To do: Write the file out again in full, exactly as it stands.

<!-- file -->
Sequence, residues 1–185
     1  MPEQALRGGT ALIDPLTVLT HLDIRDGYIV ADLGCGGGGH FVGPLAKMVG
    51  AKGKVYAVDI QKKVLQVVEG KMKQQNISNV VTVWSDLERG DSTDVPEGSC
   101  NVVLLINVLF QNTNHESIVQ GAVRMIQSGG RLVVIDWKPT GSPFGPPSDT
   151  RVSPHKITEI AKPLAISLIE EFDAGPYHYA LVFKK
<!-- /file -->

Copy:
Sequence, residues 1–185
     1  MPEQALRGGT ALIDPLTVLT HLDIRDGYIV ADLGCGGGGH FVGPLAKMVG
    51  AKGKVYAVDI QKKVLQVVEG KMKQQNISNV VTVWSDLERG DSTDVPEGSC
   101  NVVLLINVLF QNTNHESIVQ GAVRMIQSGG RLVVIDWKPT GSPFGPPSDT
   151  RVSPHKITEI AKPLAISLIE EFDAGPYHYA LVFKK